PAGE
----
Photo: Shutterstock / Venomous Vector
One of the prominent examples is applying machine learning in order to filter and analyze the huge amount of data we obtain from the Internet of Things (IoT). But first, let’s see why IoT needs help from artificial intelligence in order to reach its full potential.

In essence, the IoT universe includes all sorts of sensors and smart devices that are plugged into the internet and capable of exchanging data with each other. This industry is growing at an enormous rate. It is expected that until 2022 we’ll have around 50 billion devices connected to the network, which is a 140 percent increase compared to 2018. And in 2035, this number could reach 1 trillion devices.

This massive upsurge also means a rise in the amount of exchanged data that will make this data impossible to analyze by using traditional methods. With 90 percent of online data being generated only in the last two years, this problem has already emerged, especially having in mind the reported shortage of data analysts worldwide. So how can machine learning help with sorting and analyzing this data?
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Source: JAXenter


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Machine learning now the top skill sought by developers | Developer - ZDNet

SlashData's latest survey of 20,000 developers identifies machine learning and data science are the skills to know for 2019, according to Joe McKendrick, author and independent analyst. 

Photo: Joe McKendrick
Developers want to learn the data sciences. They see machine learning and data science as the most important skill they need to learn in the year ahead. Accordingly, Python is becoming the language of choice for developers getting into the data science space.

Those are some of the takeaways from a recent survey of more than 20,500 developers conducted by SlashData. The survey shows data science and machine learning to be the top skill to learn in 2019. These will be the most highly sought after skills in the next year, with 45% of developers seeking to gain expertise in these fields...

Data science and related machine learning activities require a wide range of skills, the report's authors, led by Stijn Schuermans, state. "Data scientists live in the intersection of coding, mathematics and business and, therefore, they need to possess a mixture of technical and soft skills as well as have domain-specific knowledge," they relate. "Analyzing large volumes of data with advanced statistical and visualization techniques often requires good mathematical background, especially in probability and statistics. It also requires ability to write code in at least one programming language like Python, which is currently by far the most popular language among data scientists."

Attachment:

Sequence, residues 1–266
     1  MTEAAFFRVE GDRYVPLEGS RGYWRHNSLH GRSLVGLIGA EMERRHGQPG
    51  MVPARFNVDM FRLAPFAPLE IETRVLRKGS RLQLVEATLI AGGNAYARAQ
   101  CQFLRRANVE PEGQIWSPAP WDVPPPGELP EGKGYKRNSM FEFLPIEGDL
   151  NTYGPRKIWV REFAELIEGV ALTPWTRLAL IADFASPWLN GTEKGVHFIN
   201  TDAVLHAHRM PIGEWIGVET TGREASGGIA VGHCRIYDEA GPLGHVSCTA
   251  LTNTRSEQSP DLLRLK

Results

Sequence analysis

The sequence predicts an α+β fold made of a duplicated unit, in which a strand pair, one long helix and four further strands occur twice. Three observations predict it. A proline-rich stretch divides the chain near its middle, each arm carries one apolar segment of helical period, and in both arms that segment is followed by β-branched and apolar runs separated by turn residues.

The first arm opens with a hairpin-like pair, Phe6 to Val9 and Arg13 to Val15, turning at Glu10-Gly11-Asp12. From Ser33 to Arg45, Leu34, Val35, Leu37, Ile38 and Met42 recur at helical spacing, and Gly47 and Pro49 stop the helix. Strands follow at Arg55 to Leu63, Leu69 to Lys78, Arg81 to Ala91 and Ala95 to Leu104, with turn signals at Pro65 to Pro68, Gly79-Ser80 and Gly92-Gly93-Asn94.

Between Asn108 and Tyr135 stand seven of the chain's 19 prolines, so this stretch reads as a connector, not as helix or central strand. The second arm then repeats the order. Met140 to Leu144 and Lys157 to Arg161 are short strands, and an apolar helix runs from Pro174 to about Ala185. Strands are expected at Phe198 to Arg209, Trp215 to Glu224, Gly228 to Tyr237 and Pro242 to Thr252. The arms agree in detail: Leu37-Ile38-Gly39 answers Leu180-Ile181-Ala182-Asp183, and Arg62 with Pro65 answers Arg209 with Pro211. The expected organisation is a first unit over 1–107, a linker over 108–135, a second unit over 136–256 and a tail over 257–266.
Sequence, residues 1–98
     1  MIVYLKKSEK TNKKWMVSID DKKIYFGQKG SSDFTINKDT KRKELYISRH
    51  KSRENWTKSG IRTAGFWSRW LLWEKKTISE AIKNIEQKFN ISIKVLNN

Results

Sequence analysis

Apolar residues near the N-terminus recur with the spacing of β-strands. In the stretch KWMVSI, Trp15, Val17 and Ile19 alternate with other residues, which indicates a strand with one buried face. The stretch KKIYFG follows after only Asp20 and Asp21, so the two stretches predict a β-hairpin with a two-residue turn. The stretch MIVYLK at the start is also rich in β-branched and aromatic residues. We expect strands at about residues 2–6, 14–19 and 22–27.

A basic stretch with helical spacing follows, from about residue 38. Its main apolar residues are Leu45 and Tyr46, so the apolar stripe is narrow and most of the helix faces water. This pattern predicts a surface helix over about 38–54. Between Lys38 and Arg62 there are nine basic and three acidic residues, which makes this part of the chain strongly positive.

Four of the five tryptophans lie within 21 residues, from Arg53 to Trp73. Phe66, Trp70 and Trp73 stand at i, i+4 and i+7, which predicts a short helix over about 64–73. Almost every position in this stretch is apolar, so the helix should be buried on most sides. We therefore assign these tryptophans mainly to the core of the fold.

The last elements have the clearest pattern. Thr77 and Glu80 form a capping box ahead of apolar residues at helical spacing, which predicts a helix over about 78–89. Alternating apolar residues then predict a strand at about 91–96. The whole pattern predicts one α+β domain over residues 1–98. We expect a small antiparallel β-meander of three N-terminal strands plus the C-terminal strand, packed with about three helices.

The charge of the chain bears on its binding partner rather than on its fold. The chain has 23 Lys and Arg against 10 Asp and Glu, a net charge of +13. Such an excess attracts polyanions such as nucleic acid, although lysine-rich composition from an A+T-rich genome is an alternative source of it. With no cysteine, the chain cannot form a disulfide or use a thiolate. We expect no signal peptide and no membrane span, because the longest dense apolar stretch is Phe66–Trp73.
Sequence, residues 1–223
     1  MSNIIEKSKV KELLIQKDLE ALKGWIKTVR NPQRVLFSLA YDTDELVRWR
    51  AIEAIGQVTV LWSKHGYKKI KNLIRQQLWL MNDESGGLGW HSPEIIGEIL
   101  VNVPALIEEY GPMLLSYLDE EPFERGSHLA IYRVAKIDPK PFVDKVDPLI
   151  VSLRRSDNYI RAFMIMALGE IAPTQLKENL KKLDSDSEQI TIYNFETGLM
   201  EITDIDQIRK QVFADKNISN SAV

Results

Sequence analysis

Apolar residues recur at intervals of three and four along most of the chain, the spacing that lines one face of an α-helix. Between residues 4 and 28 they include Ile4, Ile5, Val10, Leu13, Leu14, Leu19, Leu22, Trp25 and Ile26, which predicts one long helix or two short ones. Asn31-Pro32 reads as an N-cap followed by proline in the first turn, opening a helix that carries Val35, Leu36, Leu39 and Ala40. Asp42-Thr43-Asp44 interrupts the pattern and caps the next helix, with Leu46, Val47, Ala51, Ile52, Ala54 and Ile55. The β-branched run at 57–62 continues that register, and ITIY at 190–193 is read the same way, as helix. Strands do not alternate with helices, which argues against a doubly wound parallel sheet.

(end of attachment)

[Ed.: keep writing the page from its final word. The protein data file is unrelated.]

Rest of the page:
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Source: ZDNet 


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Artificial intelligence better than physicists at designing quantum science experiments | Science - ABC News

Belinda Smith, online science reporter in the ABC RN science unit explains, The quantum world defies logic: wrap your brain around instantaneous messaging between distant particles, or cats that are alive and dead at the same time.


Perhaps physicists should leave human intuition at the laboratory door when designing quantum experiments too.

An Australian crew enlisted the help of a neural network — a type of artificial intelligence — to optimise the way they capture super-cold atoms.

Usually, physicists smoothly tune lasers and magnetic fields to gradually coax atoms into a cloud, according to study co-author Ben Buchler from the Australian National University...

This more vigorous approach, published in Nature Communications, trapped twice as many atoms in half the time when compared to traditional methods devised by humans.

Why trap cold atoms?
In the past few decades, cold clouds of atoms have formed the foundations for advances in precision measurement, optical atomic clocks and quantum processing.

And in many cases, the colder the cloud, the better. That's because a warm atom is a jiggly atom, and this poses a problem for physicists.

When atoms interact with one another, they create noise in the system. 

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Source: ABC News